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Christian Values

Christian ValueCommitment
Friendship God is our friend, everyone deserves friendship
IMAGINOR VALUES ICONS WITH TEXT FRIENDSHIPFriendship is an undisputed value in our society, with children often spending more time with their friends than with family. It is a key concept in the Christian framework, with Jesus being criticised for being ‘the friend of sinners’ and eating with those whom society rejected. Sharing a meal with someone is an explicit sign of friendship and the word ‘companion’ literally means ‘one with whom you share bread.’ Jesus tells stories of the heavenly banquet to which all are invited. The barriers between people are broken down in a loving community around God and Jesus had stern words to say to those who refused to recognise that all are included in this community of friendship.
Respect  Love and value everyone as God does.
IMAGINOR VALUES ICONS WITH TEXT RESPECTRespect is about valuing everyone and everything and celebrating our differences. We are all God’s people and we all matter. Respect involves taking responsibility for each other and speaking and interacting with others in a courteous manner. Matthew 7:12 says “Treat others as you would want them to treat you.” Respect is about being honest and trustworthy. It is about looking after belongings, equipment, the school and our environment. You gain respect by giving respect.
Perseverance  God will stay with you on the journey to your destination.
IMAGINOR VALUES ICONS WITH TEXT PERSEVERANCEPerseverance is about having a go, trying your hardest even when things are difficult and not giving up. It is about embracing challenges, learning from your mistakes and forgiving yourself. It asks you to reflect on your efforts and achievements. Jesus encouraged his disciples to persevere, recognising that it isn’t always easy to do so.
Forgiveness God’s love is so great that forgiveness is always possible
IMAGINOR VALUES ICONS WITH TEXT FORGIVENESSForgiveness is fundamental to the character of God. Throughout the Bible, God is described as slow to anger, abounding in love and forgiving sin (Numbers 14:18). Jesus was uncompromising in his command to forgive. Forgive, he said, ‘seventy times seven’ (Matthew 18:21). In other words, forgive and keep on forgiving without limit. Forgiveness was at the heart of everything he did and is at the heart of the Lord’s Prayer. When Jesus declared a person’s sins to be forgiven, it often aroused the anger of those who were less willing to forgive than he was and yet a prayer for the forgiveness of his persecutors was on Jesus’ lips as he died. Christian preaching has always put forgiveness at the centre. We forgive because we are forgiven. Paul says: ‘Be compassionate and kind to one another, forgiving each other, just as in Christ God forgave you.’ (Ephesians 4:32)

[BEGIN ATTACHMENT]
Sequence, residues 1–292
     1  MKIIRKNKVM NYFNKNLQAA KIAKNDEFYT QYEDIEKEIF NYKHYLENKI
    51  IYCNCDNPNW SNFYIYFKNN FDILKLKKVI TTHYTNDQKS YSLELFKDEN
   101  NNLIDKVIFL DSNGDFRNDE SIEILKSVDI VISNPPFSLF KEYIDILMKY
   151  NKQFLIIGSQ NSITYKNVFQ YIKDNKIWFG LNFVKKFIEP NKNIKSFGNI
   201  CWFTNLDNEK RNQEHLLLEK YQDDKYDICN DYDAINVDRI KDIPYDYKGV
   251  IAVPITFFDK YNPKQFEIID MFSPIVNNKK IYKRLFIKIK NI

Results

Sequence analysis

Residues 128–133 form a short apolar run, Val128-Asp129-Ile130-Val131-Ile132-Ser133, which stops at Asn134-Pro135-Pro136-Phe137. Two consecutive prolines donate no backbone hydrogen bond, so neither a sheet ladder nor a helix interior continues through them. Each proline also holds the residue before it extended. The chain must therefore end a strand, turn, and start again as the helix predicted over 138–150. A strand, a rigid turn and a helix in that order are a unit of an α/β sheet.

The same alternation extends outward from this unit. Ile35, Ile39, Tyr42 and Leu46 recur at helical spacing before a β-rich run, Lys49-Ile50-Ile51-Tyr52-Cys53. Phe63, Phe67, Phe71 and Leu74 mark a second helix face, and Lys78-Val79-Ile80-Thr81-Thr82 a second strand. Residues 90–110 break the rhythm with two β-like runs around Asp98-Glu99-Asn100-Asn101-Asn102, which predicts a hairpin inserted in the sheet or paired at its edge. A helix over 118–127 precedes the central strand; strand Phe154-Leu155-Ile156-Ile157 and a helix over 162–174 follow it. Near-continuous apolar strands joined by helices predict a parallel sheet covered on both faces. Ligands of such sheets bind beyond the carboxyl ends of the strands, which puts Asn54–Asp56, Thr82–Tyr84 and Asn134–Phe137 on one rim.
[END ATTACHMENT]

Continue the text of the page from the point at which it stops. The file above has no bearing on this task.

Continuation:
Compassion Share in the life of others as Jesus did
IMAGINOR VALUES ICONS WITH TEXT COMPASSION‘Compassion’ and ‘sympathy’ have much in common and both are stronger in meaning than simply ‘feeling sorry for’ someone. The words have their roots in the idea of ‘suffering with’ someone, putting yourself in someone else’s shoes and experiencing what they experience. This leads to a desire to act, to do something. It is not patronizing. It is not about ‘doing good’ from a position of strength or ‘remembering those less fortunate than ourselves’. Compassion requires an act of imagination and humility to share in the lives of others. Notice the qualities that Paul links together. He says ‘clothe yourselves with compassion, kindness, humility, gentleness and patience.’ (Colossians 3:12) Jesus showed compassion towards the ‘harassed and helpless’ crowds (Matthew 9.36) and his works of healing were always prompted by compassion for people’s suffering. He wept at the death of Lazarus and was moved to act.
Hope Foster your hopes and dreams and share these with God
IMAGINOR ICONS HOPEtextThe Christian understanding of hope illustrates how trivial our everyday use of the word can be. We hope that it will not rain for the picnic, or that the car will start or that the plumber will come tomorrow. At a deeper level, hope is a universal human phenomenon. People hope for peace in time of war; food in time of famine; justice in time of oppression. Where hope is lost there is despair and disintegration. Hope generates energy and sustains people through difficult times. For some people, hope is so strong that it inspires self-sacrifice to turn hope into reality. Hope is not always spontaneous or easy. There is work to be done. As well as trusting God, we have to develop qualities of steadfastness in our own character. Paul says: ‘We know that suffering produces perseverance; perseverance, character; and character, hope.’ (Romans 5:3-4) Hope is coupled with faith and love as one of the three most enduring gifts of the Spirit (1 Corinthians 13:13).

Order of Values 

  1. Friendship
  2. Respect
  3. Perserverance
  4. Forgiveness
  5. Compassion
  6. Hope

The order of the values enables our school to maximise the opportunity to link our collective worship time to key events in the school calendar.  This supports the children to understand the ‘value in practice’.  For instance, the value of respect in Term 2 links to remembrance and anti-bullying week and the value of hope in term 6 links to aspirations for the future.  The order of the values also links to themes in our PSHE lessons, providing the children with the opportunities to discuss and reflect on each value as a class group.

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